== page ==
It’s officially that time of the year! Temperatures are dropping, sales are popping and families are making travel plans. Yes, it’s Christmastime, and that means time to put together your playlist of perfect country Christmas songs.
Let us help a bit with that. Obviously you’ve no shortage of options, but we’ve honed in on 10 tunes that you definitely need to include on your country Christmas playlist. From the original to the classic, the funny to the sincere, these tunes help signal the holiday season instantly.
Let’s take a look at the 10 of the best country Christmas songs. Merry Christmas!
Ridiculous album artwork aside, All I Want For Christmas Is A Real Good Tan is a great Christmas album from Kenny Chesney. This Paul Overstreet original is sweet and feels like a pretty normal Kenny Chesney song otherwise. Original holiday songs can be tricky, but this one knocks it out of the park.
This Grandpa Jones and Bill Walker song has been covered by plenty of artists, from Cash to Reba McEntire. The song is more of a talking ballad, but it’s a beautiful story and one worth listening to at least once a week during the holidays to remember what’s important.
Martina McBride‘s version of this Christmas classic is one of the best out there. It’s the perfect mix of that classic country Christmas twang and beautiful symphonic string arrangement you hear in some of the older holiday classics.
Elvis Presley probably owns the most famous version of this song, but in country music, Vince Gill is as versatile as they come. This somewhat somber tune isn’t a typical Christian Christmas tune, but it’s always good to include a little bit of melancholy on the list to balance out the crazy amount of cheer in some of these other tunes.
You run the risk of getting corny with original Christmas songs, but Alabama found the sweet spot with their 1982 song “Christmas In Dixie,” which perfectly captures the experience of Christmas in the South to a lot of families. It remains an Alabama favorite and appears on a few Christmas albums.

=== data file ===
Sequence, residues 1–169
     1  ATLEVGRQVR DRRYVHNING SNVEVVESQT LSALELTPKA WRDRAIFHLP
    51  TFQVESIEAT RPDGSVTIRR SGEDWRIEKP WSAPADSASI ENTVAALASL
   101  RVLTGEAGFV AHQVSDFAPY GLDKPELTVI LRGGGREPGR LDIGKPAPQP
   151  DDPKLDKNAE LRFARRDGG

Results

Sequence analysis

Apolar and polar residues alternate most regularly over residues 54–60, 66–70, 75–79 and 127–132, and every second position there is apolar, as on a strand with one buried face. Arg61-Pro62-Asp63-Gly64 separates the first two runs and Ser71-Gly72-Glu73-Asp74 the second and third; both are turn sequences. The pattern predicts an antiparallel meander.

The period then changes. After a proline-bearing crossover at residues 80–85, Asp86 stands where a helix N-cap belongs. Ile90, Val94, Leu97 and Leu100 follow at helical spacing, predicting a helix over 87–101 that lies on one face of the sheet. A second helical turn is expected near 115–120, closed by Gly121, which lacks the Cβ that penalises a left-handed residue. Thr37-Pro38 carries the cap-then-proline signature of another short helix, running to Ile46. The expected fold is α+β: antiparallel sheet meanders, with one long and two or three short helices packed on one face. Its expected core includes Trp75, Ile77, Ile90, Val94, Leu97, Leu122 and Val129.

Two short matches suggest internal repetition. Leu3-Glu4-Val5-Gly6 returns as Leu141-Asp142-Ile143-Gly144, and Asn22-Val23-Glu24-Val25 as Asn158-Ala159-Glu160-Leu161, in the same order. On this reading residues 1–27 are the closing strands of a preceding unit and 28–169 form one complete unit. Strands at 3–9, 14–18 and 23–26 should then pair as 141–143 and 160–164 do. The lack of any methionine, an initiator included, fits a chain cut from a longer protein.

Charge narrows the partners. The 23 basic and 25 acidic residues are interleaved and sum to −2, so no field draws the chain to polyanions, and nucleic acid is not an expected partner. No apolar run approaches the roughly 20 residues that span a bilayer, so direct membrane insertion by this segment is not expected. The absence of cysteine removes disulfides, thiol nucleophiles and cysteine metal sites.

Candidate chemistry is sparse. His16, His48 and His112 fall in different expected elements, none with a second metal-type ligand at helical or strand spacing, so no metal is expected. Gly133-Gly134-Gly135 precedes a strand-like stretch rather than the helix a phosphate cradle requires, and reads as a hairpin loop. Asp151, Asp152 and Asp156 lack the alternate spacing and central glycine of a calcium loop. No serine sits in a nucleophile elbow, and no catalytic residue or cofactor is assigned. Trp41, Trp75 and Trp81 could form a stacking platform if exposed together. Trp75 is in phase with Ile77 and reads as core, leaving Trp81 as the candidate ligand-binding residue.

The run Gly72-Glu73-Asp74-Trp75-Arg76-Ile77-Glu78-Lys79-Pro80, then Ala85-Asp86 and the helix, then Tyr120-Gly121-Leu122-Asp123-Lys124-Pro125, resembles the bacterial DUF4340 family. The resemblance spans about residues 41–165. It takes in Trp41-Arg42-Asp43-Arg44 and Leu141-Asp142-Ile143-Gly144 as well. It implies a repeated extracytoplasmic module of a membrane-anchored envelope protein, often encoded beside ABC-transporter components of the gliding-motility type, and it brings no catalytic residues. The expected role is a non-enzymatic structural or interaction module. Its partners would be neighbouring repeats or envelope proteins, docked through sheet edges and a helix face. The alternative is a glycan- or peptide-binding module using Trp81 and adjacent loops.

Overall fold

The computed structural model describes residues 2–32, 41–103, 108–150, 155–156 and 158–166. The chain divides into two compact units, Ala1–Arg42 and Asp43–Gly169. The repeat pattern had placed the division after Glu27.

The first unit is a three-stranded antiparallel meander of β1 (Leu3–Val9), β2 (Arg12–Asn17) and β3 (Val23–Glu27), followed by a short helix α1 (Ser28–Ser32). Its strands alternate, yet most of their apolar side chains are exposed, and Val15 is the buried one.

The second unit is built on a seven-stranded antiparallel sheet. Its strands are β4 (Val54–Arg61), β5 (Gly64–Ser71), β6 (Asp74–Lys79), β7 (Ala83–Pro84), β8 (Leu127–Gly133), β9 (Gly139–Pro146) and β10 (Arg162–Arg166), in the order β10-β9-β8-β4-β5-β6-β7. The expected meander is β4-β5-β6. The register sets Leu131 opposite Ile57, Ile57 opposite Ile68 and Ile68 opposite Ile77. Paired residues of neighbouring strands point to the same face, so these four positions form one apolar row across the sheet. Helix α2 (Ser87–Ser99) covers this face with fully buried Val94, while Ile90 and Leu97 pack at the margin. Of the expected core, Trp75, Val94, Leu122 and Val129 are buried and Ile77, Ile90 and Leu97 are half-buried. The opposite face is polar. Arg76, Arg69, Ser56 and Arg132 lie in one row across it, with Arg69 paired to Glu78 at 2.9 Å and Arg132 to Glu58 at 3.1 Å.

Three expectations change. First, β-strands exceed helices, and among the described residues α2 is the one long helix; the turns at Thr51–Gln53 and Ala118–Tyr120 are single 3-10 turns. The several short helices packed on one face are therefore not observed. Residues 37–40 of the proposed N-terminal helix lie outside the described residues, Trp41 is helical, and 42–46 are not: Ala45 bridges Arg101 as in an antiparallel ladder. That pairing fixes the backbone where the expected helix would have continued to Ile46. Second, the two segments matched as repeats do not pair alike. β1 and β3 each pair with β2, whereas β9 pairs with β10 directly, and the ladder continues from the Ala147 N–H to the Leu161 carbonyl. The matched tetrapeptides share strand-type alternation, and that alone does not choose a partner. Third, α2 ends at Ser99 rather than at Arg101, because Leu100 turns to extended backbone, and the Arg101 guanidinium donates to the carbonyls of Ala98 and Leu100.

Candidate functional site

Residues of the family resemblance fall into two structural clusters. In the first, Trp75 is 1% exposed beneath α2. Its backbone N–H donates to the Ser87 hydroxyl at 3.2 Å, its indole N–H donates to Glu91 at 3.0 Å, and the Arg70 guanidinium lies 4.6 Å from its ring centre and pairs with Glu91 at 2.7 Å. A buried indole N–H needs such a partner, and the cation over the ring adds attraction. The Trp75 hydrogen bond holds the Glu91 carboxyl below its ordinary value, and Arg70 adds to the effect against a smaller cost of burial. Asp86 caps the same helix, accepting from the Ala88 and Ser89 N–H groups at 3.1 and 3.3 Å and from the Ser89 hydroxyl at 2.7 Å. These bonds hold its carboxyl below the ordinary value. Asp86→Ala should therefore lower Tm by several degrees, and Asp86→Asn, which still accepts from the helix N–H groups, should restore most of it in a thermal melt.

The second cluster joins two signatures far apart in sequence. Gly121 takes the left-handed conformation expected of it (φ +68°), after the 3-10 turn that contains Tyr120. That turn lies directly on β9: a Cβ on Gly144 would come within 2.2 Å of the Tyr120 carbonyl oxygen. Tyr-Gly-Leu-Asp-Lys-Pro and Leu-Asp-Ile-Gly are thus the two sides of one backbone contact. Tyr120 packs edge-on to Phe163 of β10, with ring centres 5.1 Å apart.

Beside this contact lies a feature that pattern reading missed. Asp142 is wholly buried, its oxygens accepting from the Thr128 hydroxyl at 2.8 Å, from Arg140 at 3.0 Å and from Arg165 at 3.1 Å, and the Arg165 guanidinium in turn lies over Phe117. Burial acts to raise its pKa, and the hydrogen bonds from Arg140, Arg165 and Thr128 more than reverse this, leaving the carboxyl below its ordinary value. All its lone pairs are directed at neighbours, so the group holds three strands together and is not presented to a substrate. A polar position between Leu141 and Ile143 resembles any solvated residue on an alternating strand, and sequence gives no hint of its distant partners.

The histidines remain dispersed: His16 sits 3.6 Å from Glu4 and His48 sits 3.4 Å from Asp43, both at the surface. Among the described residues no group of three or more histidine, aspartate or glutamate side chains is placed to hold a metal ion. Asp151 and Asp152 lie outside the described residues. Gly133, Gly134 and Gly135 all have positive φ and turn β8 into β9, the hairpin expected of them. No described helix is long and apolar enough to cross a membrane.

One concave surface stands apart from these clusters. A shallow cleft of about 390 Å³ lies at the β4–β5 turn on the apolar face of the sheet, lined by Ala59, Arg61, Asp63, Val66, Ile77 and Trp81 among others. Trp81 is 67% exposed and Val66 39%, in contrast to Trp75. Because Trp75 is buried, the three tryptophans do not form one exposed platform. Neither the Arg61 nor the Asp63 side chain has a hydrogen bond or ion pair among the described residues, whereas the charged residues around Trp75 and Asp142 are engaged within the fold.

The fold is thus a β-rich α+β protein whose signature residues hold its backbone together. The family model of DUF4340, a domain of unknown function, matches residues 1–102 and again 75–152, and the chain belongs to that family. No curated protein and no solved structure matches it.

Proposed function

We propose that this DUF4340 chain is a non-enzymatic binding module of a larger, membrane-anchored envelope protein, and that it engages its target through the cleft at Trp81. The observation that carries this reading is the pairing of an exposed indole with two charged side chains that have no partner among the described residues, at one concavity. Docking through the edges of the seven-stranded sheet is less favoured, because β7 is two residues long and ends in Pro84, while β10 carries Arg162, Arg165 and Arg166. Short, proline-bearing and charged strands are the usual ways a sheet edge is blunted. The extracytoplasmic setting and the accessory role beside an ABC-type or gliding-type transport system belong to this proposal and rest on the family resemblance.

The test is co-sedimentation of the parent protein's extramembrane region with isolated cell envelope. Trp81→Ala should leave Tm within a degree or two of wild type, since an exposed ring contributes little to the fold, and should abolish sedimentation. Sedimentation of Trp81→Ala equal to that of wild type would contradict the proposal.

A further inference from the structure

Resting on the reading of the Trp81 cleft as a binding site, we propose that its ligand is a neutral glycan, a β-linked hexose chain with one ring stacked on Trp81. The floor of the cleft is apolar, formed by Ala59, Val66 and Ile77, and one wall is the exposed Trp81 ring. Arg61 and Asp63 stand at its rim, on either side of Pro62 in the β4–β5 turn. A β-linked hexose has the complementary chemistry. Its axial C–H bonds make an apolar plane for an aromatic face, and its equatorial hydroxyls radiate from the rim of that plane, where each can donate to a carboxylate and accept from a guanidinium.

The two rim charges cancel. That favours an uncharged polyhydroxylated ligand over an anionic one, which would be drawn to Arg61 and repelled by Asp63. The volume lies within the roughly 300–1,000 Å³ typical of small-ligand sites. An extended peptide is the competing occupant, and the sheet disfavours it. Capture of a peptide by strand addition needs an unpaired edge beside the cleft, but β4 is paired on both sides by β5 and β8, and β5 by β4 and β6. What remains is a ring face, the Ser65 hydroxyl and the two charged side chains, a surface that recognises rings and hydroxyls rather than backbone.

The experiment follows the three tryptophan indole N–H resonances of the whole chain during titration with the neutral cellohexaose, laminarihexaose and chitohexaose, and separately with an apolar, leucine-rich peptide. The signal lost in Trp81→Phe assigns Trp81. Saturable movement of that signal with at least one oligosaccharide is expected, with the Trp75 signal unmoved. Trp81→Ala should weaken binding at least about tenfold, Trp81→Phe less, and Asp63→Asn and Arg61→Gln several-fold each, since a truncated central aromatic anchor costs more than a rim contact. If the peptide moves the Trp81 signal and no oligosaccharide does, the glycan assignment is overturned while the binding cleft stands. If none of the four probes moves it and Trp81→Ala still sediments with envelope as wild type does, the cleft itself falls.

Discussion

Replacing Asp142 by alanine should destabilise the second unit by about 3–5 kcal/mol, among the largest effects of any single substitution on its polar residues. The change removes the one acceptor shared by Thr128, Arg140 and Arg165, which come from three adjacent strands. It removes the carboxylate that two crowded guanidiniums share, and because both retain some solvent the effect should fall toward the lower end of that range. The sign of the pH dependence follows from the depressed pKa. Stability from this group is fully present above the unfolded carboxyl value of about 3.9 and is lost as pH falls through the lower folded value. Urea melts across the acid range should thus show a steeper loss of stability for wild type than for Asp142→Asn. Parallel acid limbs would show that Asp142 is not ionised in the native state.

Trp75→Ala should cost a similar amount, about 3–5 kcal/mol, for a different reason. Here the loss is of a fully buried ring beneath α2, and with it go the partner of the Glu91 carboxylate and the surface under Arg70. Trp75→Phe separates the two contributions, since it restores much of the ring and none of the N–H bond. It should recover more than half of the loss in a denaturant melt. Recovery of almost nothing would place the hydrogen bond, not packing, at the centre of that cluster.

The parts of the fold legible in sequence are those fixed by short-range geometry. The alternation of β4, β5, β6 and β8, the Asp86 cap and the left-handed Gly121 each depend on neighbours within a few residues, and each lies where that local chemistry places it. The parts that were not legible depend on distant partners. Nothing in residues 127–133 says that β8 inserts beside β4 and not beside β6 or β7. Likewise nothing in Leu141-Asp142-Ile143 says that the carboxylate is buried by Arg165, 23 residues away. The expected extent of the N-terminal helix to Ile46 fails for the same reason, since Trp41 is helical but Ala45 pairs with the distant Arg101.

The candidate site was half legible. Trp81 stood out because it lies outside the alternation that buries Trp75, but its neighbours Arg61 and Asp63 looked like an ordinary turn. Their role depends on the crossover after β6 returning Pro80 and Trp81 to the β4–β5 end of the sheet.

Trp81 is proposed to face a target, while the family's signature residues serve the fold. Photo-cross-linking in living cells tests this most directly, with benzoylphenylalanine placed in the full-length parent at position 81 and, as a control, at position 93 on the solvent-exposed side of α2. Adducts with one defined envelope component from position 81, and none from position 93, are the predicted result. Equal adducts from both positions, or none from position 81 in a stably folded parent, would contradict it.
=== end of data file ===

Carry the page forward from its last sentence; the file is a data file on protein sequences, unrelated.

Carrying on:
They can’t all be serious, and this tune is the king of comedy Christmas. The irreverent song first sang by husband and wife duo Elmo and Patsy tells the tale of Santa Claus accidentally guiding Rudolph and the other reindeer right over a drunken grandma in a snow storm. It may not expressly be a country Christmas tune, but with grandma spiking the eggnog and grandpa going back to watching football the next day, it might as well be.
Brenda Lee’s version of this 1957 Bobby Helms classic is one of the most recognizable Christmas tunes around. It’s also particularly popular in movies. George Strait has a great version too, but it’s hard to beat Lee’s classic, earthy delivery on this festive song. Just the first few lines is enough to get you in the holiday spirit.
Rascal Flatts also does a great version of this beautiful ballad, but something about Parton‘s delicate voice delivering the melody with such poise just feels so wonderful. It’s a classic no doubt, and sometimes hearing the older versions of these tunes just sets the perfect mood.
One of the most covered songs ever (Christmas or otherwise), “Silent Night” is one of those tunes where everybody has their personal favorite version. But Alan Jackson‘s definitely deserves a serious listen. The country star delivers a beautifully understated version true to the original melody with just the right amount of nylon guitar and country twang.
Brett Eldredge‘s big band version of this song is a close second, but Paisley‘s twangy guitar adds the perfect little country twist to this festive holiday mainstay. It’s the perfect song to wrap presents, bake cookies and put up the Christmas tree to.